Audeze caught our imagination last year with Sine, the superb planar magnetic on-ear headphones. When the iSine in-ear model was announced, we got rather excited at the prospect of the first ever planar magnetic in-ears. Would they sound as good as the over-ears, but in a smaller package?
The question, as with any expensive earphones, is whether or not the sound is good enough to justify the price. With a design like the Lightning-equipped iSine10, plus the built-in sound processing unit, we surely hoped they would. Here's what we found.
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Audeze iSine review: Design
- Ear hooks and in-ear rings/fins
- Detachable two-pin cable
- Inline mic/Lightning cable
- 31mm x 35mm; 20g
There's no getting around it: the Audeze iSine10's design is unusual. If you're a Star Wars fan then the earbuds basically look like two halves of a TIE Fighter.
And they're big. Really big for in-ears.
The size is entirely down to the planar magnetic transducers used to drive the audio through your ear canals. In this case, they're 30mm, some five times larger than the usual cone-shaped drivers in most in-ears.
The planar magnetic technology is housed inside a hexagonal case with a web-shaped pattern on the outside. Although it looks metallic, it's built from a light, durable plastic. Without the cable attached, the earphones weight less than 20g.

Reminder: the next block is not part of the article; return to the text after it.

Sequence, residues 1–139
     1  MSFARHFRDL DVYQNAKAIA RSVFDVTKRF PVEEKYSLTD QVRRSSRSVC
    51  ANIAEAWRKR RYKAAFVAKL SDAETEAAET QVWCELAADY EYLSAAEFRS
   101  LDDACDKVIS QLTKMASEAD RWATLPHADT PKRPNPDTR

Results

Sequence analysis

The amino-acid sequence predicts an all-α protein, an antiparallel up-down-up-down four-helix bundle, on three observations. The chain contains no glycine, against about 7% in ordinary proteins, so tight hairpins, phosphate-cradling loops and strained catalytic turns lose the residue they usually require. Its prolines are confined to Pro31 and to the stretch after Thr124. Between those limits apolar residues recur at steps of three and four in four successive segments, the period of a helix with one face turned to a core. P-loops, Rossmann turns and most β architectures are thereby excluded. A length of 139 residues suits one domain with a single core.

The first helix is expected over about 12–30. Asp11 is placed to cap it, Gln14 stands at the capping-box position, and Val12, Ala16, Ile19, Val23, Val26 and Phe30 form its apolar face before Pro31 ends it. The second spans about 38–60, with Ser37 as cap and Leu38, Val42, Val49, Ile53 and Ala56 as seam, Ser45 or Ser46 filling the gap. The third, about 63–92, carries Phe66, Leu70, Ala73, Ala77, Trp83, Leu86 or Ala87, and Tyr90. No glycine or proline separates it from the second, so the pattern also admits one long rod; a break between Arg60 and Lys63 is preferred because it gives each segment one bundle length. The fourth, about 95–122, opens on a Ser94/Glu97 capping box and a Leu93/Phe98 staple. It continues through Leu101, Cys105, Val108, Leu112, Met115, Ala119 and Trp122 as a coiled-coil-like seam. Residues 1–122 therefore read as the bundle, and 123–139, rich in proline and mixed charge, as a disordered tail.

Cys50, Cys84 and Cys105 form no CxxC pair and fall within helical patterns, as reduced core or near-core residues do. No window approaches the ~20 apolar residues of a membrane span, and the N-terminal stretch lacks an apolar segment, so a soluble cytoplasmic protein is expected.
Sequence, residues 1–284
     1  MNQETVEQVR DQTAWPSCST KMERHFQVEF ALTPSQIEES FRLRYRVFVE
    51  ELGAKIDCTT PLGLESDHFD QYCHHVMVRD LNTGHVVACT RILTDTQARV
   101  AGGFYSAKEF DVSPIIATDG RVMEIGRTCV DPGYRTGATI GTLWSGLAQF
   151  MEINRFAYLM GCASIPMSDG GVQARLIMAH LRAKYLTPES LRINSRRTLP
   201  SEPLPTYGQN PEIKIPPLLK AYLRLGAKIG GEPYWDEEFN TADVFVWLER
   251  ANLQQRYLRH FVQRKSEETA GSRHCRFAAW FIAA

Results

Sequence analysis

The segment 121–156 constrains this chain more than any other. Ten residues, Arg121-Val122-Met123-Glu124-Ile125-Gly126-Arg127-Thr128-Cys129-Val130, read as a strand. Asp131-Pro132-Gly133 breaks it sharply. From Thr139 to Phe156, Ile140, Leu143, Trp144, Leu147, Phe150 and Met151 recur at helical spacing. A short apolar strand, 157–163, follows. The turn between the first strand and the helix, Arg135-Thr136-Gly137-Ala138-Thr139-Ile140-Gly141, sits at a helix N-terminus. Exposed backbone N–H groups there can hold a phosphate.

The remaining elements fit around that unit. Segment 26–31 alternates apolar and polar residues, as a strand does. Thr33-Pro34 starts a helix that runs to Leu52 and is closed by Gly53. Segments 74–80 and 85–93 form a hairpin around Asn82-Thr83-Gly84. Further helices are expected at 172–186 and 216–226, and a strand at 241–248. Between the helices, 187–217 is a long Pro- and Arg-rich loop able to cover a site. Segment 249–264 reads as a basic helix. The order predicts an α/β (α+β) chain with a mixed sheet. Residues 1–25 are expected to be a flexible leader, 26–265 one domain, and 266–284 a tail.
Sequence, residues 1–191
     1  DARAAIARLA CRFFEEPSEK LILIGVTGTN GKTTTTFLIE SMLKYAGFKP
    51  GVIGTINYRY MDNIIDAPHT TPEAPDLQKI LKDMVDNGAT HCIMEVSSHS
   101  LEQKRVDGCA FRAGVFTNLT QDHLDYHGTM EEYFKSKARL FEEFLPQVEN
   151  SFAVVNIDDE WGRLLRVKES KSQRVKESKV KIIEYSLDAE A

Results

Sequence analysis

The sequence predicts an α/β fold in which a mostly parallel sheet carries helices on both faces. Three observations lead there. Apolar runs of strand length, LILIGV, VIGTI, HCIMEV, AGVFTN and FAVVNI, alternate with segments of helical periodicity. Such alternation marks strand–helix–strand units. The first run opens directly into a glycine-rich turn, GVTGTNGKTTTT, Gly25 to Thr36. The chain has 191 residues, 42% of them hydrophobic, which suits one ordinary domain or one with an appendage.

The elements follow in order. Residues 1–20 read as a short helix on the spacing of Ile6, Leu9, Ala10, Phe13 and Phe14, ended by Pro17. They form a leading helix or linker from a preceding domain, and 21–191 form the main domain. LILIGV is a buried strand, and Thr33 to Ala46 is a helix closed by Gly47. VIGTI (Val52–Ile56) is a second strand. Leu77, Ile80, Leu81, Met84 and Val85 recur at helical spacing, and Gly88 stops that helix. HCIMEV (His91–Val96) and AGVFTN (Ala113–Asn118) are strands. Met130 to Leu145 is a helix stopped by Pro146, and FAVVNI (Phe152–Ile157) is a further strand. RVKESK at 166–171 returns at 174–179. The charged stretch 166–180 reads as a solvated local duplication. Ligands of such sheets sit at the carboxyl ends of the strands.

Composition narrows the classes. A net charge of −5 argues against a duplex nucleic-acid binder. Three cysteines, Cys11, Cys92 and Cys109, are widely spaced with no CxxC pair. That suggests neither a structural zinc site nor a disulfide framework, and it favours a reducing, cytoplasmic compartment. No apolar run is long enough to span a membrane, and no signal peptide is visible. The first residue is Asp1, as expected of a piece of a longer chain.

Despite the lightness, the size means that the earbuds won't sit unsupported in your ears easily. As you'd expect, without some kind of anchoring, the iSine10 slipped down and hung at an uncomfortable angle. Thankfully, Audeze already considered this and ships the earphones with two pairs of over-ear hooks (one transparent, the other black) as well as two different sizes of in-ear rings. Which one works best depends entirely on your ears. In our experience, the over-ear hooks were far easier to use. The in-ear rings didn't work at all, but that's likely down to the shape of our ears.
Once fitted, the iSines were as comfortable to wear as any other earphones we've tested. They're easy to wear, even for longer stints. One reason for this is that they're designed to be semi-open, which means they sound better if the ear tips aren't super snug inside your ear canal. While that means you don't get any real noise-cancelling, you do get an in-ear fit that doesn't feel like it's trying to squeeze all the air out of your head.
Like Audeze's on-ear headphones, the iSine earbuds are detachable from the cable, using a standard two-pin connection. While you can detach the cable to swap between the Lightning "Cipher" cable and the regular 3.5mm one, Audeze doesn't recommend changing them often, as the pins aren't built to last thousands of swap-outs.
The iSine ships with two cables: the iPhone version has an inline remote that's exactly the same in design as the one you'll find in the on-ear Sine's box (it's worth noting, you pay a £50 premium to get them with this cable). There are three buttons: two round ones for changing the volume and a longer pill-shaped one for playing and pausing, or accepting calls.
Audeze iSine10 review: Sound
- 24-bit audio
- Amp, DSP and DAC built-in
- 10-band equaliser iOS app